I hadn’t talked to my parents in weeks, because of the snails, mostly.

Whenever my life gets too stressful, I cook. I’ve made some pretty challenging dishes in my time, and a few weeks ago (or maybe it was months by now) I decided it would be interesting to try to make escargot.

I started by gathering snails. With all the forests around here, and…

What’s true in an unreal time?

Last week, my five-year-old son discovered the question mark.

He’d seen it before, mixed in among the colorful letters, numbers, and assorted pieces of punctuation in the set of magnets we’d bought him years ago. But on this particular day, he decided to spell out his name and then finish with a decorative flourish, this charming curve with a dot at the bottom that seems almost silly, like an afterthought.

When he proudly showed me his work, I laughed and told him how that single symbol made the fact of his name questionable. He…

(Image source)

Several years ago, on the now defunct, forever beloved blogging platform Open Salon, I wrote a post called “The Hardest Thing I’ve Ever Had to Do.” The hardest thing in question? Waiting on line for nearly twelve hours in order to get the documentation I needed to be able to stay in France. By the end of it, I had black and blues around my knees, troubling memories of other people who’d waited as long or longer but weren’t as lucky, and a new hardness to me.

Recently, I was thinking about this post. The funny thing is, I realize…

(For Ali)

Every year we watched the first autumn snowfall together. I remember you so vividly, your black fur and ears silhouetted against the gray window as you stared in surprise at the falling white flakes.

As surprised as I always am, year after year, lost in this inexplicable beauty.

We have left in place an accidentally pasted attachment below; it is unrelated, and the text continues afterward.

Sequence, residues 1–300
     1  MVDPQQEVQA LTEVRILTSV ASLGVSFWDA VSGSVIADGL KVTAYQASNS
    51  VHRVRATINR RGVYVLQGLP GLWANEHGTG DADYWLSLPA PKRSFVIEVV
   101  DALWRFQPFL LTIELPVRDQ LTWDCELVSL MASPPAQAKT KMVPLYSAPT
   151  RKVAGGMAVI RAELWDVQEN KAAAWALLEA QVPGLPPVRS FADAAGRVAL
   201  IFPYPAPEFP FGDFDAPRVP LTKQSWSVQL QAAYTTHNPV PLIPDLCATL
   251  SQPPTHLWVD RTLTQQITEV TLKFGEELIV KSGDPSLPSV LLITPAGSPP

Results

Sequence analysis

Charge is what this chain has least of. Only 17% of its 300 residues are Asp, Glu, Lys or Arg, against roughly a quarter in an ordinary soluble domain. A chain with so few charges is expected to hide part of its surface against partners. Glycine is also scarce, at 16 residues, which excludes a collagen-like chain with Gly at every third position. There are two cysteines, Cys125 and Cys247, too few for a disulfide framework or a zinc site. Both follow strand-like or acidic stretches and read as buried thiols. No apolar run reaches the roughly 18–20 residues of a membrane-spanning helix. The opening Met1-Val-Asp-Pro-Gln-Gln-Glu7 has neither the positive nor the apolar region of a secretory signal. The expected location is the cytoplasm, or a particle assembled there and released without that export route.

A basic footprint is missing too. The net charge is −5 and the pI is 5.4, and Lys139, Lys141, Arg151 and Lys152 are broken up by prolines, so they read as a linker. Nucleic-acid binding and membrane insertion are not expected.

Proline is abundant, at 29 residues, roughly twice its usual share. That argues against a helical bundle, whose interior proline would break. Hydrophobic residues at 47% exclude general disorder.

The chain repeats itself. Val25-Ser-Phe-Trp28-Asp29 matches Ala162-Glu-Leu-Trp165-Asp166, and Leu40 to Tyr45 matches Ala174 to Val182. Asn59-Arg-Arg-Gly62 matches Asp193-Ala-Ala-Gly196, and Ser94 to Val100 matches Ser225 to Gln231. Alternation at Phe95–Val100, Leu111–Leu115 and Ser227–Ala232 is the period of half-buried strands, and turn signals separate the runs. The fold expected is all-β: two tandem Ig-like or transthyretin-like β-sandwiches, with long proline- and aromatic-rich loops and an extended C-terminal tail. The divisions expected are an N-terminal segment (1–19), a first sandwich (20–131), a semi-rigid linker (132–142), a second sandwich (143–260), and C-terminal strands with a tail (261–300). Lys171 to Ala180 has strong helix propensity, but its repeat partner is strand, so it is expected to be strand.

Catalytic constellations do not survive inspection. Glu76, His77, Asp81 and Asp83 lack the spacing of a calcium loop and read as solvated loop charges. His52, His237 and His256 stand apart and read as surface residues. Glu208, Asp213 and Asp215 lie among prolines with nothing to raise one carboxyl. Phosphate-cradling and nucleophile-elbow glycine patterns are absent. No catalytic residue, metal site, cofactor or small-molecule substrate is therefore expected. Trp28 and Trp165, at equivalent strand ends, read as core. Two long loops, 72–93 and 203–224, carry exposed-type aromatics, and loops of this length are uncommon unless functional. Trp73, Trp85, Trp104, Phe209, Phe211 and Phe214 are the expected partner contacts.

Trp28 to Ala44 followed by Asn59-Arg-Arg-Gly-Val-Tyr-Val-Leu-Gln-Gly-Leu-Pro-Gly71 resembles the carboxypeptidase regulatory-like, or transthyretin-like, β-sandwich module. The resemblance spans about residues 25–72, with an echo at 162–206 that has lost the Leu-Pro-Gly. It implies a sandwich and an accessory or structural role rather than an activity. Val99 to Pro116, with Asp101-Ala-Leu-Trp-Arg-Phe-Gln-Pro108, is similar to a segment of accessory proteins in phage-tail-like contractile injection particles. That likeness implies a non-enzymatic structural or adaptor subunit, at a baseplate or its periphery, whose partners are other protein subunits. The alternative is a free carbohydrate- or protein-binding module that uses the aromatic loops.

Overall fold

These are the ways we come together when we don’t have speech, saying “Wow, look at that!”

The falling snow is still beautiful to watch. I hope it will always feel like you’re sitting beside me, watching it, too.

Before, this was a shared moment beyond speech. Now it’s a shared moment out of time, beyond the divide of life and death.

Family, dirty jokes, train whistles, and the other side of the bed.

My aunt always says her house isn’t perfect. Early on, I would have agreed. It was hard not to compare the decades-old, dark place full of perpetual clutter with our airy, modern McMansion.

Time went on, and unhappiness and age took its toll on the McMansion. I grew up loving it and clinging to it, but at the same time, I realized later, feeling as though to step foot outside it would be like what the ghosts in “Beetlejuice” experience. …

Alysa Salzberg

is a writer & worrier. She lives in Paris with an eccentric Frenchman & a delightfully weird little boy. Besides them, she loves books, history, & cookies.

Get the Medium app

A button that says 'Download on the App Store', and if clicked it will lead you to the iOS App store
A button that says 'Get it on, Google Play', and if clicked it will lead you to the Google Play store